Loved ones are no longer the humans we once knew.   Zombies are creatures that exist as beings controlled by the completely primordial area of their brains.  Their only instinct is survival and to survive they need to eat.  Humans, animals, it doesn’t matter; their physical forms need to be sustained in order to continue on.  They are so consumed with this urge they will put themselves in physical danger in order to quench it.

This is what makes zombies such a scary prospect.  They are relentless.  Zombies don’t get winded; they don’t feel pain, all they know is they have to eat.  These aspects of a zombie’s nature are what feed into my love/hate attitude towards ‘The Walking Dead.’

On one hand I love the tension and drama this show creates.  When hordes of zombies come chasing after the group of survivors its puts us all on the edge of our seat waiting to see how people will survive.  Being marooned on the top of a car or inside an abandoned army tank is a precarious situation.  How one escapes this situation is usually a tension filled endeavor.  This makes for good TV.  Being cornered or chased incites a certain human reaction towards survival that we can’t control.

While that may pull us in as viewers, it also makes me feel cheated. I care about whether they can escape the zombie herds and continue to survive in this dystopian world.  I care from a human part of myself that wants humanity to survive and flourish.  How much I actually care about the character in danger is irrelevant at that point because the stakes are bigger than just one person.

When not presented with the scenario of a post apocalyptic, zombie infested, world things might be different.  If one of these characters was in a fight in a non-zombie world, would I care what happened to them?  The answer to this question isn’t clear because we don’t know enough about the true nature of these characters when they’re not in survival mode. 

When I’m caught in the moment, these characters attempt to survive makes for great television.  After the show goes off the air, when I think back to what happened, I’m not as enraptured as I was while it was going on.  I asked myself “Why is this?”  The answer led me to where I’m at now, having a love/hate relationship with this show. 

Playing on this innate need for survival and our predisposition towards the prosperity of the human race, TWD has found a way to make viewers out of people who don’t even care.  I would bet that if you ask the majority of the viewers of TWD you would hear a comment something like this “the show is really good!  And I don’t even like zombies!!!”  It’s a classic phenomenon that this show was able to recreate with incredible accuracy.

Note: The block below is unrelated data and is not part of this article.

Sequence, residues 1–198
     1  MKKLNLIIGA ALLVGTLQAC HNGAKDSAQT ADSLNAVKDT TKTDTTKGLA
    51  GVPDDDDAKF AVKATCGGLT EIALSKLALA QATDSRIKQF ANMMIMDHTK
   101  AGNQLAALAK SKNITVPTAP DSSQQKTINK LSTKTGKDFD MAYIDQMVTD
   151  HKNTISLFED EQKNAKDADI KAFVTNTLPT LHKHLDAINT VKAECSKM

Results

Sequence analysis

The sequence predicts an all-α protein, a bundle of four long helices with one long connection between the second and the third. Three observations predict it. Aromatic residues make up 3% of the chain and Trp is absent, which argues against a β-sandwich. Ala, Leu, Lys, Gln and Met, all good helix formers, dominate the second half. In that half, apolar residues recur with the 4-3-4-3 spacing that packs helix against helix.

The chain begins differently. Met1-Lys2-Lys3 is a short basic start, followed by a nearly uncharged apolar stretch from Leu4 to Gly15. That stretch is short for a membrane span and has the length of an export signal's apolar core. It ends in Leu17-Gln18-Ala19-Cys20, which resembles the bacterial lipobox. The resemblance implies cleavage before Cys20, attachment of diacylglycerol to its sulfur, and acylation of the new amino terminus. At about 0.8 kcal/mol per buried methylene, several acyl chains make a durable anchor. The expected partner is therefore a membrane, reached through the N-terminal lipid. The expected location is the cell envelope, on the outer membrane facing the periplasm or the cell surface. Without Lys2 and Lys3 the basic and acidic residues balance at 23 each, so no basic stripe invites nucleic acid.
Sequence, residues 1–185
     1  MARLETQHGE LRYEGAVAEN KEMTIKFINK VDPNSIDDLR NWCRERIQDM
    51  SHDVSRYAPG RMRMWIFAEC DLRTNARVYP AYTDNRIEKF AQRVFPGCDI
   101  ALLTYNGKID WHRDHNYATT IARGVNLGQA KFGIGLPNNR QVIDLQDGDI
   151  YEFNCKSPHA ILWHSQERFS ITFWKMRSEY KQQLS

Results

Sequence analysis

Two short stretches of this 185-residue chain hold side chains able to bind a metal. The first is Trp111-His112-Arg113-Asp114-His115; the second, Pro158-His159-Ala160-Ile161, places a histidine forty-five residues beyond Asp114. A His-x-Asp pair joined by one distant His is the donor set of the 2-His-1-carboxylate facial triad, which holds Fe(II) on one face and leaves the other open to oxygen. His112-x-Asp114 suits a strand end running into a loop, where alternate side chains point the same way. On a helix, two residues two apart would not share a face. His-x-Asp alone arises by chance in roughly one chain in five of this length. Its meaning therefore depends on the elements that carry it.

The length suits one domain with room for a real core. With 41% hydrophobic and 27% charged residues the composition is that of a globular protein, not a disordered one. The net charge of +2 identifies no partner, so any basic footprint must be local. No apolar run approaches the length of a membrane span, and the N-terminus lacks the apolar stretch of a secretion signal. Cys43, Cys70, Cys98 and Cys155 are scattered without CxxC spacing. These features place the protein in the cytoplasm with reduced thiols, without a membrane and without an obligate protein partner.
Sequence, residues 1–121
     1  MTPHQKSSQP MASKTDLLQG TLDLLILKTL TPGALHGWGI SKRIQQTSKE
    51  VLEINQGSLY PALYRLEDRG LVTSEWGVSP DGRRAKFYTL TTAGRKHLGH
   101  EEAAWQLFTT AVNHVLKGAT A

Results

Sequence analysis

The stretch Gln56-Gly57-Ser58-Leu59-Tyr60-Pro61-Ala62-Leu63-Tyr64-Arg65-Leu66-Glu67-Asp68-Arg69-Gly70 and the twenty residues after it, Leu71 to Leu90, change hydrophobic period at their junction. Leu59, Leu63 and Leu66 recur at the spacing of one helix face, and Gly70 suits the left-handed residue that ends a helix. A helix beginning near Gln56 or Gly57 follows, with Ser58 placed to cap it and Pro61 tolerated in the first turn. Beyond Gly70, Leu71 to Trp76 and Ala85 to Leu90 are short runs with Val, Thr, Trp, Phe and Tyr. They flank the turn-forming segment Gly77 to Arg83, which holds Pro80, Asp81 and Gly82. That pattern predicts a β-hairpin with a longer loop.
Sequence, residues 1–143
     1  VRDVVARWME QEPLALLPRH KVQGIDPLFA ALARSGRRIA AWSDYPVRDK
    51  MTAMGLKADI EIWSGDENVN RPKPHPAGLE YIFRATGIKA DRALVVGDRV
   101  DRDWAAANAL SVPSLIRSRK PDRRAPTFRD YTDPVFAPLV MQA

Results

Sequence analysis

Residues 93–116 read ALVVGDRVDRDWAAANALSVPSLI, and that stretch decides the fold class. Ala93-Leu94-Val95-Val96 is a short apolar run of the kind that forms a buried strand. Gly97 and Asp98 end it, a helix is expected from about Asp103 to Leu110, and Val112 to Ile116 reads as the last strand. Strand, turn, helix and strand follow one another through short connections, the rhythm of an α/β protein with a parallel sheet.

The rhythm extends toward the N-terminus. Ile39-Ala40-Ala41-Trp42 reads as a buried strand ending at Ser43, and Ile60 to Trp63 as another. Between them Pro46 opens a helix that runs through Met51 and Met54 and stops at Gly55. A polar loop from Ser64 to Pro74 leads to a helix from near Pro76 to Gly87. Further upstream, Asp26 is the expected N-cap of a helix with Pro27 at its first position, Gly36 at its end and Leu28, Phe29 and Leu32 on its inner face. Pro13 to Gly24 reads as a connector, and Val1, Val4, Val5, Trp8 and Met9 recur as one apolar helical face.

By using a vehicle that turns most people off, TWD can create a scenario that people can’t help but watch and be enthralled by.  ‘Lost’ captured somewhat of the same phenomenon in its run on TV.  Most people who watched lost would probably tell you that they weren’t even science fiction fans.  These people were pulled in by an interesting premise and then human nature took over.  People couldn’t stand not to know what was on the island, what the mist was, why they were there, etc.  It’s a fundamental phenomenon that viewers could not move on unless they knew what it was all about.

While these are two different aspects of our inherent humanity, the principle remains the same.  Issues such as character development and depth of personalities can be skirted around with the right premise and the right situation.  Assuming TWD can keep the plots of the show grounded the first couple of seasons (not get too hokey) then they can most definitely continue this show’s success. 

Towing that line will be a difficult task.  It’s a very thin line between viewers caring about characters and feeling manipulated.  Once that line is crossed, it is hard to go back.  While audiences might be able to turn a blind eye to certain things in the name of entertainment they don’t like feeling manipulated.  At times I feel cheated while watching TWD.  I feel that way because the characters seem to have more depth to them.  I want to know more about these characters.  I want to know what their previous lives were like that has made them act how they do now.  This is why I currently don’t feel manipulated, there seems like there’s more.  If this show continues and doesn’t give me that depth of those characters and it’s just one zombie chase scene after another, then I think that I won’t be the only one tuning out.  As for now, I’m going to keep watching.  For now.